Our Lands Speak has been established to disseminate knowledge about the 11,000-year history of Ontario gained through archaeological investigations. This will be achieved through a publication series and this blog, both titled Our Lands Speak.

There has been a vast increase in the number of archaeological projects in Ontario since creation of the Ontario Heritage Act in 1975 and the application of other acts such as the Environmental Assessment Act to require archaeological assessment of lands prior to development to document and preserve our Cultural Heritage. The Ministry of Tourism Culture and Sport which is responsible for the administration of the Heritage Act now has more than 15,000 archaeological reports on file, about half of which are available through the Ontario Public Register of archaeological reports managed by this same Ministry.

While there has been a tremendous increase in archaeological studies, there has actually been a significant decrease in the publication of archaeological studies and results. The Canadian Museum of History the Royal Ontario Museum and the Museum of Ontario Archaeology (formerly the London Museum of Archaeology) have either ceased publishing archaeological work or have greatly reduced the number of archaeological publications they produce. Ontario Archaeology, the journal of the Ontario Archaeological Society and the Canadian Journal of Archaeology, the journal of the Canadian Archaeological Association continue to publish about Ontario archaeology; however, access to the former publication (as indicated by colleagues) appears to be restricted.

I strongly believe if an archaeological site is dug and knowledge is gained about our past, the results need to be shared with the people of Ontario. While this goal was an integral part my work as Director of the London Museum of Archaeology from 1976 – 2001, it has simply not been possible while running a professional, for-profit archaeological consulting company in Ontario.

In part this was a result of my long-held belief that my clients should not be charged to do “research” or to undertake the costly and time-consuming task of publication. It is also a result of the “culture” of archaeological resource management in Ontario where there is significant competition by “low bidders.” The situation is further exacerbated by demands to meet provincial government regulations. The net result for Ontario archaeology is a lack of resource, time, and creativity which is needed to prepare publications and other means of distributing information on significant archaeological finds.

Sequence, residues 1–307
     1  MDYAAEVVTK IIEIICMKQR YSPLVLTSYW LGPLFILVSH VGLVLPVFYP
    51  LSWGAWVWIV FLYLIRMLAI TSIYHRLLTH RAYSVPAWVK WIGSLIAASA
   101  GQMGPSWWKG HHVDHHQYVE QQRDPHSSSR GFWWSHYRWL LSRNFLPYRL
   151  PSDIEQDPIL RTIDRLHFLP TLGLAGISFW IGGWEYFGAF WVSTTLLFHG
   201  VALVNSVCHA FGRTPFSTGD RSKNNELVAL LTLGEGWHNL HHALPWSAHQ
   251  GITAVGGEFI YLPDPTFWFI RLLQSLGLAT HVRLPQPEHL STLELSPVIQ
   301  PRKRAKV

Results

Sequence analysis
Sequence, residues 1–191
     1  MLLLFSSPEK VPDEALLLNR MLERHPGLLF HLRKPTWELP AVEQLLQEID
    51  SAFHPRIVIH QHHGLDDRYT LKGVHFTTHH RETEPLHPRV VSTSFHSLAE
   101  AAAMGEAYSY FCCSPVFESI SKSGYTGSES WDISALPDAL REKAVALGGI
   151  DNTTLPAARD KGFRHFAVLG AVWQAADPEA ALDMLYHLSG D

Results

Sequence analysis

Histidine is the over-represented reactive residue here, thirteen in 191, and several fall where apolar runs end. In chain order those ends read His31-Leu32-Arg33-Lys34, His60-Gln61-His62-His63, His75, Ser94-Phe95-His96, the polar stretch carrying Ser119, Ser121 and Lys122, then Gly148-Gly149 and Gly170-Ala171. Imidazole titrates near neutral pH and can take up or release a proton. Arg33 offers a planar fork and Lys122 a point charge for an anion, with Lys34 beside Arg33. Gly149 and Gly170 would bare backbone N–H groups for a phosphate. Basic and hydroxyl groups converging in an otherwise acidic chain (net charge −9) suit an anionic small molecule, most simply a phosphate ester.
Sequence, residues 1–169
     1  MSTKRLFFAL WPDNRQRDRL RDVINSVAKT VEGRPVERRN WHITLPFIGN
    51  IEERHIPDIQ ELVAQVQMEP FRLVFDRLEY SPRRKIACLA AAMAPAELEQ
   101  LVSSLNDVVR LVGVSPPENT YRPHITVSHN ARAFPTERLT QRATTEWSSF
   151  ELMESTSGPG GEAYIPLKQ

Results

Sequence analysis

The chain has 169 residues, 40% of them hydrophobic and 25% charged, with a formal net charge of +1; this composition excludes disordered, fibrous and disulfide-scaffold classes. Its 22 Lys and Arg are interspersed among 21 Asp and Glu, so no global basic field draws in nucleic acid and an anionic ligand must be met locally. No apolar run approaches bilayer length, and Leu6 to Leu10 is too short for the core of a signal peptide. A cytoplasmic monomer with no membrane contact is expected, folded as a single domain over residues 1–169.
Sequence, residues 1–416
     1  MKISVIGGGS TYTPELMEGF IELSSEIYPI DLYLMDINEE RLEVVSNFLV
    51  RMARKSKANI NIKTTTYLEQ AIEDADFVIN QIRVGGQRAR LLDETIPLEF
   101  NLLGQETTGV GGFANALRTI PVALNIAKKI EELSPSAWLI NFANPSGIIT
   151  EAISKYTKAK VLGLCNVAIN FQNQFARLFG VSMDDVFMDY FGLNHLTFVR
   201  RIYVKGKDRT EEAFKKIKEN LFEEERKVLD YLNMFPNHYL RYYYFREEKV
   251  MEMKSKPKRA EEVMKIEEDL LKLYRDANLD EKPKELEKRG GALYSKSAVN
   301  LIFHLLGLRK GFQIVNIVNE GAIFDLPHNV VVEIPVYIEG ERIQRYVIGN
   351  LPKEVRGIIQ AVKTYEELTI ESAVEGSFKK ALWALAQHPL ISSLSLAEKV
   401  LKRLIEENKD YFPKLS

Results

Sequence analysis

In an attempt to begin to remedy this problem, Our Lands Speak will disseminate knowledge about Ontario archaeology.

The one primary goal of this blog is to publicize information on knowledge acquired through my consulting company, This Land Archaeology Inc. Some blogs will summarize the results of smaller projects which are documented in licence reports on file with the Ministry of Tourism, Culture and Sport, while other blogs will promote publications of more significant sites which will be published by Our Lands Speak in cooperation with I C Publishing or in other journals.

The blog and the publications are personal projects undertaken outside the purview of This Land Archaeology Inc., but will often utilize the data, figures, and photographs generated for these projects and used in licence reports.

I invite feedback from colleagues and interested members of the general public about matters raised in this blog; a meaningful dialogue which will result in access to the knowledge gained in researching the cultural heritage about the fascinating 11,000-year history of occupation of Ontario.

The first publication in Our Lands Speak Series is The Archaeology of Patterson Village, a 19th Century Company Town in the Township of Vaughan Ontario. This is intended and anticipated to be a popular publication about This Land Archaeology Inc.’s 2012-2014 excavation and documentation of this incredible archaeological site. It includes a foreword by Professor John Triggs, Department of Archaeology and Heritage Studies, Wilfrid Laurier University; and a Supplement by Ruth Redelmeier, whose family owned the property on which the sites were located, and who spent years researching the Village and adjacent Patterson & Bro. farm equipment manufactory.

I extend my thanks to Sheri Andrunyk and her team for their support and assistance in producing this book. Print and eBook copies are available from I C Publishing’s I C Bookstore and an iBook version is available from Apple’s iBooks Store.

Photo Credit: Lithograph photo courtesy of Ruth Redelmeier.

William D. Finlayson